Claims that food products are, “humanely raised” or “sustainably farmed” are often misleading
[WASHINGTON, D.C.] – Today, U.S. Senators Richard Blumenthal (D-CT), Cory Booker (D-NJ), Elizabeth Warren (D-MA), and Sheldon Whitehouse (D-RI) wrote to the U.S. Department of Agriculture (USDA), urging the Food Safety Inspection Service (FSIS) to address meat companies’ use of misleading food labels. The letter follows a recent Animal Welfare Institute (AWI) report showing “humanely raised” and “sustainably farmed” labels on products are often unsubstantiated and poorly vetted.
“We are concerned USDA may need to further clarify their guidelines in order to continue carrying out their vital mission of protecting the public from misleading food labels,” the senators wrote to Deputy Under Secretary for Food Safety Sandra Eskin.
According to the AWI’s examination of USDA responses to nearly 100 animal-raising claims on meat products, 50 percent of label claims had no application on file and 29 percent lacked adequate substantiation. These findings follow a 2020 Office of Inspector General investigation which found that 15 percent of FSIS-approved label applications reviewed were either incomplete or inaccurate.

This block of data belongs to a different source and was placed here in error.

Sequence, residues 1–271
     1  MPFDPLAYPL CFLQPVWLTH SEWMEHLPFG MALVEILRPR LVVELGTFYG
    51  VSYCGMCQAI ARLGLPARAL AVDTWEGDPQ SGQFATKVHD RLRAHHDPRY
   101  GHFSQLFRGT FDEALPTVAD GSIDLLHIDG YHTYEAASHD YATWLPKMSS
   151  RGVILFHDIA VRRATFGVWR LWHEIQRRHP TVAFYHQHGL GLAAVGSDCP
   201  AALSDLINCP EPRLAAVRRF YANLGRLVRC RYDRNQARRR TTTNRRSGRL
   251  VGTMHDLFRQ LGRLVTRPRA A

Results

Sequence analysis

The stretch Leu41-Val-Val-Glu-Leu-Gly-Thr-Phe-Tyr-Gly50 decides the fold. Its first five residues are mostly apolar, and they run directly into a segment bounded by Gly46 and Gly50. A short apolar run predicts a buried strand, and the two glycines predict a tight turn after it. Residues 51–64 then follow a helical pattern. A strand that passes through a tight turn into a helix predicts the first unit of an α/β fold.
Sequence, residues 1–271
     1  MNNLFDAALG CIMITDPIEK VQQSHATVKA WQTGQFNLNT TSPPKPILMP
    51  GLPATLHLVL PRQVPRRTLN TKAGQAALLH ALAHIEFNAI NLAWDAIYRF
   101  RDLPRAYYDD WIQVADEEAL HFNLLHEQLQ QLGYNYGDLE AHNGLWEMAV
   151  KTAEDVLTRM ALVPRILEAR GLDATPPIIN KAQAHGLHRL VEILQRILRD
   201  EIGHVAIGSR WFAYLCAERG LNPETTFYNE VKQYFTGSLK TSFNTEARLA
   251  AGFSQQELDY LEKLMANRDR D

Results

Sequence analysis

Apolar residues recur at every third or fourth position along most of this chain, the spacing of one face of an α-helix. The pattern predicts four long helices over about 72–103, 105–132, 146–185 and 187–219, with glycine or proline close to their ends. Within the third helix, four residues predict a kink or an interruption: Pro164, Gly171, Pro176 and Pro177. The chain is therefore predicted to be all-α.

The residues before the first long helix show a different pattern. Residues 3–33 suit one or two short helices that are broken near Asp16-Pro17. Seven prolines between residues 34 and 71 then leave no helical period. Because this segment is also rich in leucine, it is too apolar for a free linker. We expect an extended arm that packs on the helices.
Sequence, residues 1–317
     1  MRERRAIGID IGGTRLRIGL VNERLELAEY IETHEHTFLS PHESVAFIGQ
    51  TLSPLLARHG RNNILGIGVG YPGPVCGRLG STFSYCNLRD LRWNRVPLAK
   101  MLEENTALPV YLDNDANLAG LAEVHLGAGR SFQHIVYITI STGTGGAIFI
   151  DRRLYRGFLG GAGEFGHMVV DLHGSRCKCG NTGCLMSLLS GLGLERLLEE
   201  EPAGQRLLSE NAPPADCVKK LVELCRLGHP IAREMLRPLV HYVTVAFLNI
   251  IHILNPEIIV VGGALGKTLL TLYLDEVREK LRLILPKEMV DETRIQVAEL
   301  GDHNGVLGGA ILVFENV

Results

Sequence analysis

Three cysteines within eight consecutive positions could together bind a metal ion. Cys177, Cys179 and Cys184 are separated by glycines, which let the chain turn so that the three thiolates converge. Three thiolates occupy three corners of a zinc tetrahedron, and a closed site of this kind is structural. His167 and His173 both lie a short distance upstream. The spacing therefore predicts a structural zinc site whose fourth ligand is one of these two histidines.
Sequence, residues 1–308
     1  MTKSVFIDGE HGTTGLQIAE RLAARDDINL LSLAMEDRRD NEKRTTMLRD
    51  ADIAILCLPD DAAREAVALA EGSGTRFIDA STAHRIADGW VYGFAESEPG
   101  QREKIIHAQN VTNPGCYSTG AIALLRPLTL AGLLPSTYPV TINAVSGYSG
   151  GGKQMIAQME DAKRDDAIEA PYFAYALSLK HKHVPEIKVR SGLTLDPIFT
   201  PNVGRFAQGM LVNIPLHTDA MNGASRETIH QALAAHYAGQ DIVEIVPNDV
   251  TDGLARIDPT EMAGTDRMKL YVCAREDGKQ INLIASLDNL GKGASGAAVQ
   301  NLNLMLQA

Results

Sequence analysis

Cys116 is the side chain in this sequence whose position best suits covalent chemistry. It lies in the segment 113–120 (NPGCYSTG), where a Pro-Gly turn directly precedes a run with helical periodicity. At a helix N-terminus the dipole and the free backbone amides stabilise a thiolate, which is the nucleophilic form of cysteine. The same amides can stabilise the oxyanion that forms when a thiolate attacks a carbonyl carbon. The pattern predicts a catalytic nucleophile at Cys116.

To provide consumers with safe and properly labeled meat and poultry products, the members called on the FDA to prevent items with potentially misleading claims from reaching store shelves.
“Without clear labels, consumers are robbed of their ability to purchase in accordance with their values,” the senators continued. “The USDA has an obligation to ensure consumers have the information necessary to make informed choices about the products they purchase and that hardworking farmers and producers are able to compete on a level playing field.”
The full text of the letter can be found here.